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SMART Social Work: Combating Consumer Misuse of Antibiotics

February 3, 2017

The School of Social Work’s Student Mentor Applied Research Team (SMART) is devoted to fostering research collaborations between faculty, students and the broader community. Launched in 2010 as a learning community by Assistant Professor for Research Joanne Smith-Darden and converted to a program of the Center for Social Work Research in 2016, SMART matches undergraduate and graduate students to research projects in their interest areas and enhances their understanding of the research process through faculty collaboration and student-led monthly meetings. SMART also provides students with opportunities to present and publish research findings, amplifying their professional experience and helping them compete for post-graduation employment or graduate school admission.


SMART Social Work: Combating Consumer Misuse of Antibiotics

Wayne State social work students are gaining real-world experience in socio-behavioral research as a part of a collaboration between Wayne State University and Henry Ford Health System (HFHS) aimed at understanding barriers and facilitators to appropriate consumer use of antibiotics in Metro Detroit.

Nearly a dozen student members of the School of Social Work’s Student Mentor Applied Research Team (SMART) are contributing to the study, which is funded by the Urban Center for Antimicrobial Resistance Discovery, Education and Stewardship program (UCARDES) and led by a transdisciplinary team from the university’s School of Social Work, College of Nursing, the Eugene Applebaum College of Pharmacy and Health Sciences and HFHS’ Division of Infectious Disease and Global Health Initiative. Drawing from consumer surveys and focus group discussions with hundreds of Detroit-area residents, the WSU-HFHS team will attempt to understand consumers’ use of antibiotics and identify populations at higher risk for antibiotic misuse, particularly with respect to skin and soft tissue infections.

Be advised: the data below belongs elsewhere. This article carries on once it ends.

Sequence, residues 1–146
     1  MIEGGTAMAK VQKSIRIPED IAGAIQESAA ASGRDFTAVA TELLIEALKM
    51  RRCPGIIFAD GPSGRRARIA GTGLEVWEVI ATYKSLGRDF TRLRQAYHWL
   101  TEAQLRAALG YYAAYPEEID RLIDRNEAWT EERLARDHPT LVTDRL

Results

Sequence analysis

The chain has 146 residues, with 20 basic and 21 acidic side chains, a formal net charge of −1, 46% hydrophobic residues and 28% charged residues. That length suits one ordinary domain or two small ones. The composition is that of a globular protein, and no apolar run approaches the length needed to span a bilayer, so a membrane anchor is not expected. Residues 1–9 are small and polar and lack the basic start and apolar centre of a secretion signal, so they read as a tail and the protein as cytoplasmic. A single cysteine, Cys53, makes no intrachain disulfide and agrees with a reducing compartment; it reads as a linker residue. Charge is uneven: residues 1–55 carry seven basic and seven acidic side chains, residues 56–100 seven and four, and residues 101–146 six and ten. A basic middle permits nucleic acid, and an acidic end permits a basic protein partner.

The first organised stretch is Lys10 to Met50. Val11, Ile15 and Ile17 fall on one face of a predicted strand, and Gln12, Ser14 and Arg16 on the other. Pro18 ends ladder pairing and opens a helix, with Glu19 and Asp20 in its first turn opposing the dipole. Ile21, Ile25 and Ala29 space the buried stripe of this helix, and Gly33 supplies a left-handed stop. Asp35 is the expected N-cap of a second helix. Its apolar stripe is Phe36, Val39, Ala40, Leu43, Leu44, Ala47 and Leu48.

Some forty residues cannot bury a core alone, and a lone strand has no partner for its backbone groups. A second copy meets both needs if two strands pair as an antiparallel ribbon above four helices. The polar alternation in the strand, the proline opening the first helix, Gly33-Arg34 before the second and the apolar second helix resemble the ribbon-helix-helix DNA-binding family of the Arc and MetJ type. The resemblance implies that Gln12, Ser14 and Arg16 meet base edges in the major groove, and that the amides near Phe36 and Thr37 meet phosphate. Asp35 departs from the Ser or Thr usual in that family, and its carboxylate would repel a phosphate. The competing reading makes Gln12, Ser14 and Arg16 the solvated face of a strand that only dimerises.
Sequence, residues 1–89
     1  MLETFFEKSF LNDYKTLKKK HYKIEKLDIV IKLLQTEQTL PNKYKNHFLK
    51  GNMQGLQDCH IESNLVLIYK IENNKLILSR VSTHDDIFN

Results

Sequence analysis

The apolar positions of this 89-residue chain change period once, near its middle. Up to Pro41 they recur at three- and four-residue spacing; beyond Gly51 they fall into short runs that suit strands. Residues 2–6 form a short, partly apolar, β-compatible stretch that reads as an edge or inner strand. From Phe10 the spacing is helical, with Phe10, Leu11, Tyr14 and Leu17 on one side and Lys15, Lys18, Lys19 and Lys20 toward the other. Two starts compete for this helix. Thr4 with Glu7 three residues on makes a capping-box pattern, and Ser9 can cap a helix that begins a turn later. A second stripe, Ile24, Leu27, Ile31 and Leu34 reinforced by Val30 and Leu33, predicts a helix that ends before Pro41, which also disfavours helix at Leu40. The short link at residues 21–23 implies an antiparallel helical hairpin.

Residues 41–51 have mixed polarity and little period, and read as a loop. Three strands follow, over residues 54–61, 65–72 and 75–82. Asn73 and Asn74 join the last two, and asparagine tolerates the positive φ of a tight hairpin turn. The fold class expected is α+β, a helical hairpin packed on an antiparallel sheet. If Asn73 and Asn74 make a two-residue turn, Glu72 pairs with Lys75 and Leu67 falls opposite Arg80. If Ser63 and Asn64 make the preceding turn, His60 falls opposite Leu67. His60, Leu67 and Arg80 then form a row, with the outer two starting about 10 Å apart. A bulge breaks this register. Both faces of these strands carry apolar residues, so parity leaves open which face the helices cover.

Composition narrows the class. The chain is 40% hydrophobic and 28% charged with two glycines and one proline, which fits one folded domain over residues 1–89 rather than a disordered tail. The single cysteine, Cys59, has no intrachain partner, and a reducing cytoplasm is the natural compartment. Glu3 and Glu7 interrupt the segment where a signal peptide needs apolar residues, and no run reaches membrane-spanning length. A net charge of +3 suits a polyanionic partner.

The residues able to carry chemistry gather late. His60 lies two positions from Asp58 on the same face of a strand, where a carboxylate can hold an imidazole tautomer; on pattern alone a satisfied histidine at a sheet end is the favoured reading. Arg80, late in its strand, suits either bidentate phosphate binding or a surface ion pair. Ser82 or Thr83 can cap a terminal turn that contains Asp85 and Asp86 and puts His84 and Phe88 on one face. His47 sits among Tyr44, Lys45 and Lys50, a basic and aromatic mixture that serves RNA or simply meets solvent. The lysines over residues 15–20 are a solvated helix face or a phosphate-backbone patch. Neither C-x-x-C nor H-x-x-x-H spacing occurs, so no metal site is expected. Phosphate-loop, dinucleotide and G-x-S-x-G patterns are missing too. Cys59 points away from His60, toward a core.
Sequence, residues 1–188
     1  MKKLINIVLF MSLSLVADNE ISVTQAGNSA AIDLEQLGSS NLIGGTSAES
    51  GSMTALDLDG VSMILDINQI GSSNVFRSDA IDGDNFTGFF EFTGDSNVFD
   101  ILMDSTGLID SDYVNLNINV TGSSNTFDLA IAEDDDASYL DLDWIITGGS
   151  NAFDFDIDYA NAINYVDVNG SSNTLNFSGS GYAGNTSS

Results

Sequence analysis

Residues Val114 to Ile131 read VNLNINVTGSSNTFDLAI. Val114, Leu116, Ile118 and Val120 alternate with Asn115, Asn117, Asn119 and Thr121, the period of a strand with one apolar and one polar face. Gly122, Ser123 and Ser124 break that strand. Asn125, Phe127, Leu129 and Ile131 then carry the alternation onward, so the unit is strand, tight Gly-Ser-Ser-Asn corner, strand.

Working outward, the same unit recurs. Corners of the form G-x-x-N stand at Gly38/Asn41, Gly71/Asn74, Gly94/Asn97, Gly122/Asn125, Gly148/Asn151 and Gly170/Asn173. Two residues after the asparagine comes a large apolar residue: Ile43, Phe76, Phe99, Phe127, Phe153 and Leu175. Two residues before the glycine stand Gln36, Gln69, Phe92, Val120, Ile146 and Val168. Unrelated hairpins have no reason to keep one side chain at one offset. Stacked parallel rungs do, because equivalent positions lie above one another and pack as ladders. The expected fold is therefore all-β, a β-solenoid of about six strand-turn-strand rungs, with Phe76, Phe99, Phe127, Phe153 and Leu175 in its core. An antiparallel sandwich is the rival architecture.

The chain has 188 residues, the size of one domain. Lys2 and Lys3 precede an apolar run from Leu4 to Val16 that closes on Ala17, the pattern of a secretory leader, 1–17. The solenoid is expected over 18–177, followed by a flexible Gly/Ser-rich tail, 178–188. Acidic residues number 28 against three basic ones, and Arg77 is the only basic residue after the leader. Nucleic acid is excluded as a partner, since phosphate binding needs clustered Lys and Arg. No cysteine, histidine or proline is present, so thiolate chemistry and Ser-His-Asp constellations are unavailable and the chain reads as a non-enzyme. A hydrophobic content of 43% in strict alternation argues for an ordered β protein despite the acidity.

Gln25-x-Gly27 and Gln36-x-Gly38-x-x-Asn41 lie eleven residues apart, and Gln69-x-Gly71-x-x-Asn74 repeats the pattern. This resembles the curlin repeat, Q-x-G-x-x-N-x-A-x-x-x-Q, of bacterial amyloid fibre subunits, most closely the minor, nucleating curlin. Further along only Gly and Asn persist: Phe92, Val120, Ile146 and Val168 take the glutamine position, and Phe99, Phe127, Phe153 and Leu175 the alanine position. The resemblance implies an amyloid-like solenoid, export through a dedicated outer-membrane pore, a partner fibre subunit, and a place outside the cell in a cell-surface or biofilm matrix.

The Centers for Disease Control and Prevention estimates that two million illnesses and 23,000 deaths are caused by antibiotic-resistant illnesses annually. The World Health Organization has characterized antimicrobial resistance as a global health crisis and responded with five strategic objectives that include increasing the awareness and understanding of antimicrobial resistance in the general population through effective communication, education and training. The WSU-HFHS research will advance this goal through community engagement at HFHS clinics and at community-based social work field placement agencies, where survey and focus group participants will be recruited to share their knowledge, attitudes, beliefs and behaviors about antibiotic use.

The SMART students, who have been trained to administer the surveys, say they are benefiting from the opportunity to be mentored by senior researchers and to gain valuable knowledge about transdisciplinary formative research and issues of antibiotic resistance. One of the SMART members employed by the project is M.S.W. student Aubrey Gilliland, who serves as project coordinator. Gilliland, who studied psychology as an undergraduate, described her role in the study as “a really great way to take what I’ve learned in the classroom and try it out. I’m interested in practice and research in the areas of mental health and child welfare, and my time on the study and with SMART more generally is helping me learn more about program development, evaluation and implementation.”

Smith-Darden said Social Work’s involvement in the antibiotic study demonstrates the leadership role that the school and the field itself are taking in impactful, applied research.

“Social workers bring a much needed community engagement skill set to understanding the stresses and challenges of the people we are interviewing and that understanding sets the stage for a respectful and authentic exchange,” Smith-Darden said. “We are a rigorous, robust research partner achieving great results in our school as well as with partnering disciplines across campus.”

For more information on SMART and additional student research opportunities visit the Wayne State University Center for Social Work Research website

 
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